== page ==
The latest catastrophic turn of events in Afghanistan has heightened concerns of cross border terrorism for Tajikistan, Turkmenistan, and Uzbekistan which share a 2,387-kilometer porous border with Afghanistan. Thousands of Afghan military troops and civilians have reportedly travelled into Central Asia in an attempt to flee the Taliban’s brutality since the military onslaught began. The Central Asian Republics were forced to reach out to the Taliban due to the deteriorating security situation and the emergence of emerging Central Asian terror organisations. On July 22, Tajikistan mobilised 100,000 active military personnel, 130,000 reserve officers and troops, and dispatched 20,000 security forces to the Afghan border. To avoid the tensions in its immediate neighbourhood from escalating into a full-fledged battle, Russia has dispatched military equipment to the Tajik-Afghan border under the Collective Security Treaty Organisation (CSTO)

Tajikistan has also expressed its concern over the Taliban’s expanding influence in the region. Tajikistan is concerned by the revival of the Tajik terrorist group Jamaat Ansarullah, also known as the “Tajik Taliban” in Afghanistan, which took over the strategic northern border by the Taliban. The Collective Security Treaty Organization (CSTO) has relocated Russian military assets to the Tajik-Afghan border (CSTO)to check the tensions in its immediate neighbourhood from escalating into a full-fledged battle.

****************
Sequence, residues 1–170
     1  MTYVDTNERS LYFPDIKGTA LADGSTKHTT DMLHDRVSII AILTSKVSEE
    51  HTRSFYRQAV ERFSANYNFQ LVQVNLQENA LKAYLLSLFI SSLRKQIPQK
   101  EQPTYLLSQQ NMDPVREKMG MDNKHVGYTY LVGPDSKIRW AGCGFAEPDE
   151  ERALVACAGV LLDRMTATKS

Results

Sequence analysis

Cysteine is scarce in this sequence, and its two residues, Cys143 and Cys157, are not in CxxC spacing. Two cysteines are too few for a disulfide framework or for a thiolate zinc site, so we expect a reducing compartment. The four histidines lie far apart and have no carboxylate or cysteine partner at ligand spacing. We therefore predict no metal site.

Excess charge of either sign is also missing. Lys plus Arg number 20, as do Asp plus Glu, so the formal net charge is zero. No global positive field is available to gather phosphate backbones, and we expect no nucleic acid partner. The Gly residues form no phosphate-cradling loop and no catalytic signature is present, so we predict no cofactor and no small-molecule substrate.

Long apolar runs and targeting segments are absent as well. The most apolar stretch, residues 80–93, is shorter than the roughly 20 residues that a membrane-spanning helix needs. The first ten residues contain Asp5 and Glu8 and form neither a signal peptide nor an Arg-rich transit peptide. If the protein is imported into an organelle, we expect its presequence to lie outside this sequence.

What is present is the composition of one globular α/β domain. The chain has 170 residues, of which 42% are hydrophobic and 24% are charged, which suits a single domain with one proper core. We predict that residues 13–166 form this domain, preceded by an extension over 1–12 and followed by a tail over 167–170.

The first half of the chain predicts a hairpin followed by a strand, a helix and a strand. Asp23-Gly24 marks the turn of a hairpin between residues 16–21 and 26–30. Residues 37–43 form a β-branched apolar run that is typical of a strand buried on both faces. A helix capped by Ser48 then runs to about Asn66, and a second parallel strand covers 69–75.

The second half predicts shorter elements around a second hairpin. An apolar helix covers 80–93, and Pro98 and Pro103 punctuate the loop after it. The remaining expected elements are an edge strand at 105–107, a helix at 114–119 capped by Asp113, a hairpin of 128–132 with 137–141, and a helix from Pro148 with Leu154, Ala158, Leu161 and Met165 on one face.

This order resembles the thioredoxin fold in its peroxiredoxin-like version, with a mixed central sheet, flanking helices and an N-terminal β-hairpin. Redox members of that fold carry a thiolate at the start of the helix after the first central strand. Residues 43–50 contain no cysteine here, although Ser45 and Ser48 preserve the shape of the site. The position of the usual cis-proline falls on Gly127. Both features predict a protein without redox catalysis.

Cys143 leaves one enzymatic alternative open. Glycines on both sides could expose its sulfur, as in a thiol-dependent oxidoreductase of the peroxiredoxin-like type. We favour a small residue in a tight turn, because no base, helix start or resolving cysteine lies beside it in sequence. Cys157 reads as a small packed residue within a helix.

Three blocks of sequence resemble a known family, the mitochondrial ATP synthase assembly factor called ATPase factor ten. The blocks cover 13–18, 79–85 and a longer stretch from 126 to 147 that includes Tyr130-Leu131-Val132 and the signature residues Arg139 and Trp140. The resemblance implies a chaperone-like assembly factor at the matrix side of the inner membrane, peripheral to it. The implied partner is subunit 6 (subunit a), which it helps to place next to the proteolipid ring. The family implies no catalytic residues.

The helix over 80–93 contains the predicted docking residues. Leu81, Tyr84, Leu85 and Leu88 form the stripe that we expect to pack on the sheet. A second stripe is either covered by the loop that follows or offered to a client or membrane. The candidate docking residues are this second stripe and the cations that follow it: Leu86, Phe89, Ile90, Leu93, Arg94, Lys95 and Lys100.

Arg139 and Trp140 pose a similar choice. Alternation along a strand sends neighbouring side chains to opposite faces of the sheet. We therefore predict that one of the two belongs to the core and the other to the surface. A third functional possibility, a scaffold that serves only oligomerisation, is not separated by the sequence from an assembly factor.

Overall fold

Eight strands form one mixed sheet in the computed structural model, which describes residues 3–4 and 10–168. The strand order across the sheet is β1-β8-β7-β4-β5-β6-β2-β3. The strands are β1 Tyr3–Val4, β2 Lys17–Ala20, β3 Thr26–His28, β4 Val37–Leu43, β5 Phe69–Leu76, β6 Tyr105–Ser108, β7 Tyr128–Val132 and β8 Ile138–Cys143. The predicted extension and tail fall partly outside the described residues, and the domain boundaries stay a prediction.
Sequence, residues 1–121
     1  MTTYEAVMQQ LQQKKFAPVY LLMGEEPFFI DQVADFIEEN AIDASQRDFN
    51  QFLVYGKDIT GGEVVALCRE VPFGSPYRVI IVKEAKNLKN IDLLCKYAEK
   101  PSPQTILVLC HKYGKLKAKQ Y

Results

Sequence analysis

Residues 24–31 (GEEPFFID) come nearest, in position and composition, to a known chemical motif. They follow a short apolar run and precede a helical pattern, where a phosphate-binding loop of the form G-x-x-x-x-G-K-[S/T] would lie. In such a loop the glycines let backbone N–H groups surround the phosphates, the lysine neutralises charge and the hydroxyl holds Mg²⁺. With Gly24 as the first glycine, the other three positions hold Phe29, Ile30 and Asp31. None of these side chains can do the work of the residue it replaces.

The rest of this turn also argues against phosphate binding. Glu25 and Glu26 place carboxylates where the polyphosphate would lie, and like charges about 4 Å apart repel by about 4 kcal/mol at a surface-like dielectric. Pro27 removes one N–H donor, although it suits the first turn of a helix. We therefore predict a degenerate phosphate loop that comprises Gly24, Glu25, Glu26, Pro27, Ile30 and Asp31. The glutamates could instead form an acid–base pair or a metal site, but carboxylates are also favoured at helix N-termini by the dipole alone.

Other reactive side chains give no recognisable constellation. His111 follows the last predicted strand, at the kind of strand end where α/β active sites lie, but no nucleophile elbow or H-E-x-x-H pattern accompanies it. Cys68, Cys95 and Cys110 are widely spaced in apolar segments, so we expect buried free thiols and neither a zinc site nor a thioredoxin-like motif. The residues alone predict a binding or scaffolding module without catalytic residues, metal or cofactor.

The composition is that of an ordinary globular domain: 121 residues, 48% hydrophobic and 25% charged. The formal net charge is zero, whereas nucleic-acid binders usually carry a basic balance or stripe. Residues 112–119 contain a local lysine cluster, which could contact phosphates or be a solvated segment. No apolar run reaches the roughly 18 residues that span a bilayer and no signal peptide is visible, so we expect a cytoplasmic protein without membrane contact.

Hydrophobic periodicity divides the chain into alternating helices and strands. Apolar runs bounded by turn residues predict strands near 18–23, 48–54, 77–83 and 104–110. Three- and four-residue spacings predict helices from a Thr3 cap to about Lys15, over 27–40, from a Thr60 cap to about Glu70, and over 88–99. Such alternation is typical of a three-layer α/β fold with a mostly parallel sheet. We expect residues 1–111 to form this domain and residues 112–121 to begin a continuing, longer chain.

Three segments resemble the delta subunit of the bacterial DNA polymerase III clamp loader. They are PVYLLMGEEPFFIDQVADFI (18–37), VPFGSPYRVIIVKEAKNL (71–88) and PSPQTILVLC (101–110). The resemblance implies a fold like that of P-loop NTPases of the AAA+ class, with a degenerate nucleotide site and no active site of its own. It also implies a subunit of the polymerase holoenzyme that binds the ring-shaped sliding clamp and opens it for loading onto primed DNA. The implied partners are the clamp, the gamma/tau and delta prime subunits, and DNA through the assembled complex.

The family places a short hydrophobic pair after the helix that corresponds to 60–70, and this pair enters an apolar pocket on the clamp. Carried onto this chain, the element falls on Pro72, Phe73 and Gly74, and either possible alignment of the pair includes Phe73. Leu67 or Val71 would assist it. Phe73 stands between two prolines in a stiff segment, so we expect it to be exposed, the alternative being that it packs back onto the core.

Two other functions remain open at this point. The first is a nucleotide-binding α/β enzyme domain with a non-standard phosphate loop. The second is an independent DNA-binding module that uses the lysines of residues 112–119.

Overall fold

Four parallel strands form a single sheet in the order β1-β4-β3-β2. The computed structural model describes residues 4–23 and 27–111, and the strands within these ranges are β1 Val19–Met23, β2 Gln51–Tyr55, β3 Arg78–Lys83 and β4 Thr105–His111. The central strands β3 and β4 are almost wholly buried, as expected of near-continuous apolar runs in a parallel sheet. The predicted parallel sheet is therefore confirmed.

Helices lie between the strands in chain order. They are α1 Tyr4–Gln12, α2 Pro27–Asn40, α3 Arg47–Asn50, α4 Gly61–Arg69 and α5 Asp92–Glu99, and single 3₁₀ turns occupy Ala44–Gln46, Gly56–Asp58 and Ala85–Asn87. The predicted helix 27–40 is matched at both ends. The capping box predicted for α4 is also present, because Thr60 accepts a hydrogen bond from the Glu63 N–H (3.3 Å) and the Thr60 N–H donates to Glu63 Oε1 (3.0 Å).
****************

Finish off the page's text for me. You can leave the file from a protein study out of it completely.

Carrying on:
Russia conducted military drills with Uzbekistan and Tajikistan at 20 kilometres from the Afghan border to showcase its military preparedness in the event of a Taliban misadventure or any other terror group from the region. The Central Asian Republic leaders held a meeting in Turkmenistan on August 6 to discuss the regional concerns in the wake of Afghanistan’s escalating security crisis. They discussed the existence of Central Asian terror groups within Afghanistan’s borders and highlighted their concern about Afghanistan’s security.